After more than a year of struggle, the Ol Pejeta Conservancy and its legal counterpart PEGAS have made history by brokering the release of a young chimp from the Kurdistan Regional Government of Iraq. The chimp in question is named Manno and he is barely four years old. Manno was born in captivity in the Damascus zoo and like most captive chimps, his life was far from what he deserved. He was almost immediately ripped from his mother’s loving embrace and smuggled out of Syria and into Iraq, where he was purchased for $15,000 by a private zoo. From 2013 up to today, Manno was forced to dress up and perform for the zoo’s patrons and used as a prop for photos.
Manno’s luck changed when a Canadian, Spencer Sekyer, saw the young chimp in a cage and decided to help. He eventually got in touch with Jane Goodall who was speaking near his hometown of Edmonton, Alberta. She was moved by Sekyer’s story and contacted the Ol Pejeta Conservancy and attempted to coordinate a rescue – but this was a logistic nightmare. The Islamic state occupied the territory adjacent to the one Manno was trapped in and on top of that, they had to go the Iraqi’s bureaucracy and the Kurdish Regional Government’s red tape. But, through sheer force of will, Manno was released this morning and is on his way to Kenya.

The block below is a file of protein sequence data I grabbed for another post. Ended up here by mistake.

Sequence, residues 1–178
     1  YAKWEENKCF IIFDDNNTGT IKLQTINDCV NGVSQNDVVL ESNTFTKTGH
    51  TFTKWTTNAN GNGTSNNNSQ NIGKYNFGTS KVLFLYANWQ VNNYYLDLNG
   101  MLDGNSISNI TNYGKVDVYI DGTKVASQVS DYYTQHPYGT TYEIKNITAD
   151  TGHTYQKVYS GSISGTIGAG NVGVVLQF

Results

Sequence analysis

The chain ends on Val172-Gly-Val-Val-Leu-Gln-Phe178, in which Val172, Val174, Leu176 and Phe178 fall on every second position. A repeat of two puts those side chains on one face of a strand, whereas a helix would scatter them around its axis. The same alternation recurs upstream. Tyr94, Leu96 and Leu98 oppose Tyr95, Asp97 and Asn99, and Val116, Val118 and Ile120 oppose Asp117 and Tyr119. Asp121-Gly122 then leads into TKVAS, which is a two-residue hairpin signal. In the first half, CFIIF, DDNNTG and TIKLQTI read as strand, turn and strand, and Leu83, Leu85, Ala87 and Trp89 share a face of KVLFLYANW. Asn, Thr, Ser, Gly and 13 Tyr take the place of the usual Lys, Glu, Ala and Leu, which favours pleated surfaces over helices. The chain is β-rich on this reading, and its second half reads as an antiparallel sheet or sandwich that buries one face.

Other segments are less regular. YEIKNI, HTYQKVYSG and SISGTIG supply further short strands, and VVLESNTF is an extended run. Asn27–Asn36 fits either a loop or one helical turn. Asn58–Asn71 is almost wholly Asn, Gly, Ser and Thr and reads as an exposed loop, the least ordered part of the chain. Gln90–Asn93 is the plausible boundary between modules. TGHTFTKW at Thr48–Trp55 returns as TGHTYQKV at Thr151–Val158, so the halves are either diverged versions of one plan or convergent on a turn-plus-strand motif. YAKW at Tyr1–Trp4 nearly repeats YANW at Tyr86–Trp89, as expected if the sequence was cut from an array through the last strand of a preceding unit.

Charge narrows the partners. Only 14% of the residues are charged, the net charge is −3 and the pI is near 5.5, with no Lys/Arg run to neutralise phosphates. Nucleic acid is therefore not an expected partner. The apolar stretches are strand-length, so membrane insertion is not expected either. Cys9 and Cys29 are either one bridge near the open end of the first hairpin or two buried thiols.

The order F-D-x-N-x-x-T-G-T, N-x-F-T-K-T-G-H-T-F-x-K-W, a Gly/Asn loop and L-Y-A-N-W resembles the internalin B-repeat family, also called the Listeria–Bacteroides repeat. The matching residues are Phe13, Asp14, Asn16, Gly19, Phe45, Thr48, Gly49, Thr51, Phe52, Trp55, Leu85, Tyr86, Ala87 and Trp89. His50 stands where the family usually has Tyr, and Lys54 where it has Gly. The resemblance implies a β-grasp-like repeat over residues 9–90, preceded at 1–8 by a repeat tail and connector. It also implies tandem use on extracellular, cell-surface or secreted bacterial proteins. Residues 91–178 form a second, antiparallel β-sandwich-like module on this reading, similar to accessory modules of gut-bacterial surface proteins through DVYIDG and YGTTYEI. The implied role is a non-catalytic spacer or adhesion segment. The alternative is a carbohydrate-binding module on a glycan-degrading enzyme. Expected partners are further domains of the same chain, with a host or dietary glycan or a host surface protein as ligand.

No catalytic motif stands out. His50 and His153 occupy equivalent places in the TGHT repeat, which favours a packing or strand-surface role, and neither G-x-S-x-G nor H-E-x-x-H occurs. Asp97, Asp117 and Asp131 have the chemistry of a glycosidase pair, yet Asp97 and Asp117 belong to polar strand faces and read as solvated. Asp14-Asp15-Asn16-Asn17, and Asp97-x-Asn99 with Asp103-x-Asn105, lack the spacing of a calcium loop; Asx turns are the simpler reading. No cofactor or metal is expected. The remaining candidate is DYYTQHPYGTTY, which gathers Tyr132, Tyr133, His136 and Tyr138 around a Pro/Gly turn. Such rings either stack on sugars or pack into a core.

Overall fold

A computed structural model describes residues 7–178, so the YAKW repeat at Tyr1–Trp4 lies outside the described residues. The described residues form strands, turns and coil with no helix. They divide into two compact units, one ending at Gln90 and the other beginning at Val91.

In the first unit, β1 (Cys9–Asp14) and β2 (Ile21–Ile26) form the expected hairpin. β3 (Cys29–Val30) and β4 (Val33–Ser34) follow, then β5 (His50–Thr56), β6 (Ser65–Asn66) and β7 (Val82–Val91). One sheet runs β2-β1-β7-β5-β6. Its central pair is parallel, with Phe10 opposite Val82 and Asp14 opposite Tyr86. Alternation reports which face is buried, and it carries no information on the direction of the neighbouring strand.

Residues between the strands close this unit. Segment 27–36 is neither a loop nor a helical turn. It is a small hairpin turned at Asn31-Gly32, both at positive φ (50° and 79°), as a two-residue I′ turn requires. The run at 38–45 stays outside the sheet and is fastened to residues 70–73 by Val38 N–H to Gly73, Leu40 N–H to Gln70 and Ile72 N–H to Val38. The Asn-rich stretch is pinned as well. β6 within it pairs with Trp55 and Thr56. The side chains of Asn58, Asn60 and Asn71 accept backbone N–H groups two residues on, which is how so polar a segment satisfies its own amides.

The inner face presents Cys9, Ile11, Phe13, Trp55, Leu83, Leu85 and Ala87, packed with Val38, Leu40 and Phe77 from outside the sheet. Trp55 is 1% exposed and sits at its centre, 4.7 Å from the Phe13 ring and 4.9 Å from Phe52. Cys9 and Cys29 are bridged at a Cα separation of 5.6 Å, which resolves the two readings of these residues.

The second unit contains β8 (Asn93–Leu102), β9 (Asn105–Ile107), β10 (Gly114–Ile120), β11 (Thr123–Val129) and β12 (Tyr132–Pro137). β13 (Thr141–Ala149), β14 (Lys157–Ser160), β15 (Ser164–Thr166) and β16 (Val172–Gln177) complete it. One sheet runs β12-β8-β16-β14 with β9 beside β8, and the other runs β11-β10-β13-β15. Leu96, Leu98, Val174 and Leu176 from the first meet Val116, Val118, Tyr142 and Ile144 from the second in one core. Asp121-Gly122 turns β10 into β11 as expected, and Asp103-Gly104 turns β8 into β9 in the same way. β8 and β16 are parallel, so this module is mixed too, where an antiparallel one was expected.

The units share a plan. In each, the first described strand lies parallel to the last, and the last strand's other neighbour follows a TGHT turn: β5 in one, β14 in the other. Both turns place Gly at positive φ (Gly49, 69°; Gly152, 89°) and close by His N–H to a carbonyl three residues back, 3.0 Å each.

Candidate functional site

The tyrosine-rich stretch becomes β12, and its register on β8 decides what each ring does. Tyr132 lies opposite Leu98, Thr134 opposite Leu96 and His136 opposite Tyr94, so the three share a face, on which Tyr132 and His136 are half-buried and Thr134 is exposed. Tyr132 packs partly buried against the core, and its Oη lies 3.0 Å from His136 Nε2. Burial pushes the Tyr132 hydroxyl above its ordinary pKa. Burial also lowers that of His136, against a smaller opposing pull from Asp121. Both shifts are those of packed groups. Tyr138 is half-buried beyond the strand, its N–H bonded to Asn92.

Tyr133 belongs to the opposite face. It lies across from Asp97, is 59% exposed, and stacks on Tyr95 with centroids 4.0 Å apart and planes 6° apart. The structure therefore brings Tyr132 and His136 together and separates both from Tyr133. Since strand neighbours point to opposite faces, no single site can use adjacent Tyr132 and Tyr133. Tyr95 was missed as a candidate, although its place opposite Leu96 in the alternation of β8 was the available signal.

This was the cage Manno was kept in. According to Ol Pejeta, “The only time he has been allowed out of his cage is when he is dressed up in clothes and used as a photo prop for paying zoo visitors.”
He was also forced to eat sweet and drink soda. “The alien diet gives Manno constant diarrhea, but allowing visitors to feed him is a money earner.”
But after a long struggle, Manno is finally free.
And Spencer came back to Iraq and was there to greet Manno when he was released.
He is currently on his way to his new home at The Sweetwater Chimpanzee Sanctuary in Kenya.
Where he can live out his days in peace.
Manno’s story is an incredible one but there are still many more animals like him that are forced to live out their lives suffering in captivity. We can all help make a difference for captive animals by refusing to attend zoos or any other facility that profits from keeping animals in cages.
Visit the Ol Pejeta website to learn more about their mission and what you can do to help.